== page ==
FDA Slaps Clinical Hold on Zafgen’s Lead Product Over Safety Concerns

Person in scrubs with stethoscope, with hand up in a stop motion

Shares of Boston-based Zafgen plunged more than 32 percent in pre-market trading after the company announced the U.S. Food and Drug Administration (FDA) has slapped a clinical hold on its plans to launch a clinical trial in the United States for an experimental diabetes medicine due to safety concerns.

This morning Zafgen said the FDA placed a hold on the Investigational New Drug Application filed for its first U.S. trial of ZGN-1061, the company’s second-generation, investigational MetAP2 inhibitor currently in development for the treatment of type 2 diabetes. The FDA placed the hold on the planned trial over the possibility of cardiovascular risks. Zafgen said those risks cited by the FDA were based on its prior compound. The FDA outlined several paths forward for ZGN-1061, including nonclinical or clinical options in order to address those concerns. Zafgen said it intends to assess the options and request a meeting with the FDA in order to discuss the next steps for the program.

This is a position that Zafgen is familiar with. Two years ago the company halted development of its obesity drug beloranib following a lengthy clinical hold placed by the FDA. In 2016 the company decided to scrap the development of beloranib following the death of two patients in a clinical trial and focus its resources on the development of ZGN-1061. Beloranib was being developed for the treatment of the genetic disorder Prader-Willi Syndrome, which is typically associated with an insatiable appetite that leads to excessive eating and obesity, as well as cognitive issues.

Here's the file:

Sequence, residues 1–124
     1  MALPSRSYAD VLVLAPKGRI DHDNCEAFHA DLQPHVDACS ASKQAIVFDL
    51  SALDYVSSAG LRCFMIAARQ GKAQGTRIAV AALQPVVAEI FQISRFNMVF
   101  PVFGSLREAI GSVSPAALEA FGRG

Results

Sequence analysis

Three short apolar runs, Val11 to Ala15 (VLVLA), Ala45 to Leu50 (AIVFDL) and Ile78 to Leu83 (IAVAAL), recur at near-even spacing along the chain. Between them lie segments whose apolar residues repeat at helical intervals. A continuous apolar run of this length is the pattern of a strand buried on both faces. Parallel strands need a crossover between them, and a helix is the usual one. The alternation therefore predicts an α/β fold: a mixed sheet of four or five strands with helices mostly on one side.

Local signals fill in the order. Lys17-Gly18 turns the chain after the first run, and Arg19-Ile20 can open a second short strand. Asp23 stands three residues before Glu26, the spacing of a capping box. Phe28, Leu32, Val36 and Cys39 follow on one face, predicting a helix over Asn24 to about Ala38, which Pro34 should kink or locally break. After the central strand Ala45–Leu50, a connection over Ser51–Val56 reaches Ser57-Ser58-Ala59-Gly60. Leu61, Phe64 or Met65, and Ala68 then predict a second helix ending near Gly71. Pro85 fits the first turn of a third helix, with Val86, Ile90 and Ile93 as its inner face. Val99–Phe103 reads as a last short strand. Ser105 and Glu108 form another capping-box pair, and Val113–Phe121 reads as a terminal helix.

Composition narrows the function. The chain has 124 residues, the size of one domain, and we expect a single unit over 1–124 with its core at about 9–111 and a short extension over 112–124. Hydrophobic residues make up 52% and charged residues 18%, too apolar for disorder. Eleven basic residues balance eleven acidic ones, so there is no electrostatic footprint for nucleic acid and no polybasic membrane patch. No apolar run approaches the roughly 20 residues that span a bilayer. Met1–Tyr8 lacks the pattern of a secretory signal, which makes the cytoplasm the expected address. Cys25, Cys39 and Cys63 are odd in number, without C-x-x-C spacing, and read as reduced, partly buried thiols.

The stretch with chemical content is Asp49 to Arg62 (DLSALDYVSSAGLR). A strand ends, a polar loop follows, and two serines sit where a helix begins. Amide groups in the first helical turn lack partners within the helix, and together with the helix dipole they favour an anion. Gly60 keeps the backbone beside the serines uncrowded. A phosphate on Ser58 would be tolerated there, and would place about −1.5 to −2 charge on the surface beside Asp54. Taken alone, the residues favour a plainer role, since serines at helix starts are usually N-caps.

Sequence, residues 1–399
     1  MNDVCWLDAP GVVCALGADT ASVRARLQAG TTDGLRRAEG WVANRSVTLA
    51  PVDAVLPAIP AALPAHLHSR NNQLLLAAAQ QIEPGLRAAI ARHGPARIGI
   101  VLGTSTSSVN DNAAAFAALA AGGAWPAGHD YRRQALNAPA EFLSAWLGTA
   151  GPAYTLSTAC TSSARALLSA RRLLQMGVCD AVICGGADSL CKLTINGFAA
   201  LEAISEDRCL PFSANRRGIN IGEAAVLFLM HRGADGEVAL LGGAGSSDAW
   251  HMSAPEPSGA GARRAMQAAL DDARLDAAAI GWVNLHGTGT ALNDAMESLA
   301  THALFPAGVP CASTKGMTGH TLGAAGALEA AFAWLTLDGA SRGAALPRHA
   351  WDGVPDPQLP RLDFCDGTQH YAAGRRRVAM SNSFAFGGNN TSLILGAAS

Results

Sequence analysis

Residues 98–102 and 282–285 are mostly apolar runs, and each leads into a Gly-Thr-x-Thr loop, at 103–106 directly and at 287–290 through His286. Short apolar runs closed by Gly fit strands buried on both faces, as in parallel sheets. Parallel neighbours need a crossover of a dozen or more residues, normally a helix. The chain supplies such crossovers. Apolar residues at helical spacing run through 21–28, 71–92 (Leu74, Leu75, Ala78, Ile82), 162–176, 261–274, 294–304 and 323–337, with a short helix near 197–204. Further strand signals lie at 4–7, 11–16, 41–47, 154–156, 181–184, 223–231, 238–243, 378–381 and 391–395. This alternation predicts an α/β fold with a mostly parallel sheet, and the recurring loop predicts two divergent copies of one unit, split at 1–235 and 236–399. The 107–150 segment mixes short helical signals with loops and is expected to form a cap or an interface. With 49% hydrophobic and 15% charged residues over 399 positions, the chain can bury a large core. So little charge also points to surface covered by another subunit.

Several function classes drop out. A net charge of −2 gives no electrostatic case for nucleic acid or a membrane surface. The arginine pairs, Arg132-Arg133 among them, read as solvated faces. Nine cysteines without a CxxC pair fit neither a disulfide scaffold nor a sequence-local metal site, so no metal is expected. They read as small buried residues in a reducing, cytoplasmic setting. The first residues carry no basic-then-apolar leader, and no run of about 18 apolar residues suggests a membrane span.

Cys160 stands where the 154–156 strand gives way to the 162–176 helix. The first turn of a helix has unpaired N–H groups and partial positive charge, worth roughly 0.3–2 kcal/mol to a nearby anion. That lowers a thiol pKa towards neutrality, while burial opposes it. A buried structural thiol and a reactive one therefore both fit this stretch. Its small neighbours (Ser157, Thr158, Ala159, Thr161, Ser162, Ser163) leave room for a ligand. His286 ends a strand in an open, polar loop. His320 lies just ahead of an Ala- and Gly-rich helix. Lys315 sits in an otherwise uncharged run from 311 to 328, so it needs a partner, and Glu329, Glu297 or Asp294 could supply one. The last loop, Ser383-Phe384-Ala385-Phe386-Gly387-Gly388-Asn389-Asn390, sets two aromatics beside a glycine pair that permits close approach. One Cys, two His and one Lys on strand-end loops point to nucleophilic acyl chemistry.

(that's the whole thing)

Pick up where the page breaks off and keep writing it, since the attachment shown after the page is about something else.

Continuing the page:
In the meantime, Zafgen said it will advance its ongoing Phase II trials of ZGN-1061, which are being conducted outside of the United States. Although that trial is blinded, Zafgen said no cardiovascular issues have so far been observed. Top-line results from this trial are expected in early 2019. Zafgen previously reported positive 12-week results for its initial cohort of this Phase II proof-of-concept clinical trial. The company said in that initial cohort, ZGN-1061 met all primary endpoints, demonstrating proof-of-concept efficacy with robust A1C lowering effects. Additionally, the company said that initial data showed a favorable safety and tolerability profile that was generally comparable to placebo. No treatment-related serious adverse events and no CV safety signals had been observed, the company added.

As a treatment for Type 2 diabetes, ZGN-1061 is anticipated to improve glycemic control while also helping to restore balance to fat metabolism, enabling calories to once again be used as a productive energy source, leading to improved metabolic control and long-term weight loss, according to company information.

With the new delay in the development of ZGN-1061, Zafgen expects its cash runway will extend through 2020, with sufficient capital through multiple milestones, the company said.

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